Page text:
Great Britain 1729 5 guineas

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photo courtesy Heritage Auction Galleries
photo courtesy Heritage Auction Galleries
This specimen was lot 24918 in Heritage sale 3015 (Long Beach, September 2011), where it sold for $9,200. The catalog description[1] noted,
"George II gold 5 Guineas 1729-E.I.C., Young Laureate Head, TERTIO edge, rare, XF40 PCGS, a pleasing and affordable example of this, the only year of issue of this famous type, bearing the hallmarked initials 'E.I.C.' for the East India Company trading venture long headquartered in London. A famous issue, this example better than average and yet showing the small abrasions naturally acquired in commerce. In fact, this issue was very much a commercial piece, not made for collector or sentimental reasons, but for use. Judging by the degree of wear on this specimen, it circulated among banks and wealthy traders for perhaps two decades, maybe a bit more. What its surfaces show is what is often called 'honest wear' -- no huge marks, just the signs of its having been money. The portrait and shield are both nicely detailed with sharp features. Edges are not bumped. No cuts, no wiping, nothing to upset the collector eye. Attractive old-gold color. In all, quite a handsome piece. The origin of the rare pieces bearing this hallmark dates to the company's being given royal approval to exist in 1600, by Elizabeth I, after more than one attempt by the governors of the company to become chartered. The East Indies in the 17th century encompassed the Indian subcontinent and most of southeast Asia, including today's Malaysia and Indonesia. The name 'Indies' was taken in antiquity from the Indus River. Initially, the company traded spice acquired in India and returned to Great Britain on the company's well-fitted ships. Over time, the goods dealt in included various agricultural products but especially cotton. By the time of the Act of Union of 1707 in the reign of Queen Anne, tea was being acquired by the company at its trading post in Canton, China, bought with silver specie. From this venture developed the famous disposition of the English people to 'take' this drink as a cultural custom. All over southeast Asia, the company also traded for silk, saltpeter, indigo dye, and opium, which became mainstays of the company's trading and imports. It is thought that by 1720, just nine years before the presently offered coin was minted, some 15% of all British goods were being imported into the UK by the company, which by that time traded officially under the name Honourable East India Company. The gold used to create this coin was provided to the Royal Mint by the company for the first time in this year. In the following year, 1730, the company's royal charter was extended, perhaps in part due to its influence upon the Crown's need for gold specie. For several more years, the E.I.C. hallmark appeared on some of the guineas and half-guineas coined by the Royal Mint, something on the order of a pledge or an endorsement being acknowledged to the company by the Crown and its sole legal ability to coin money. In the decades to follow 1729, the East India Company's vast wealth and influence expanded considerably throughout the geography in which it operated, its presence becoming military in nature in India during the decade of the 1750s, in which Great Britain forcefully expanded the Empire throughout this territory and indeed the globe. A hundred years later, by the time of the Indian Rebellion of 1857, the East India Company became so powerful that it shared military and legal prowess with the Crown itself across the subcontinent. It might be argued that, without the influence it 'purchased' in the 1720s by supplying gold for Britain's commerce, it might have faded and by now have been long forgotten to history. This 1729 5-guineas coin, the largest of the gold coins struck bearing the E.I.C. hallmark, assuredly played a real role in the history of Britain's commercial and military success, indeed in the formation of the Empire itself."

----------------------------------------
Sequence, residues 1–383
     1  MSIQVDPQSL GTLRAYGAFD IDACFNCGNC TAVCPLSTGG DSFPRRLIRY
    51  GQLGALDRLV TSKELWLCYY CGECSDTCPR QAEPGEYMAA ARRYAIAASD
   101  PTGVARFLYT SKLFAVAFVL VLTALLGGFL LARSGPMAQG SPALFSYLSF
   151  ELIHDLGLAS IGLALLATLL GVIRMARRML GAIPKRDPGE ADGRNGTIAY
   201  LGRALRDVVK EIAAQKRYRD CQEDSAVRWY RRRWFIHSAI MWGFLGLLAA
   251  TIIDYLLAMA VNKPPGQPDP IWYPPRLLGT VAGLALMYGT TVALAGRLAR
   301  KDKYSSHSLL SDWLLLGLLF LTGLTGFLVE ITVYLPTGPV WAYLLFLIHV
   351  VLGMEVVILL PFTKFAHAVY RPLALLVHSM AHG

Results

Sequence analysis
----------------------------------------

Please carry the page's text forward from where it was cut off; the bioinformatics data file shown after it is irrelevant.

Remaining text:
Recorded mintage: unknown but rare.

Specification: 41.75 g, .917 fine gold, 1.230 troy oz AGW.

Catalog reference: S3664, KM 571.2.

Source:

  • Krause, Chester L., and Colin R. Bruce II, Standard Catalog of World Coins: Spain, Portugal and the New World, Iola, WI: Krause Publications, 2002.
  • [1]Cristiano Bierrenbach and Warren Tucker, Heritage World Coin Auction 3015, Dallas, TX: Heritage Auction Galleries, 2011.

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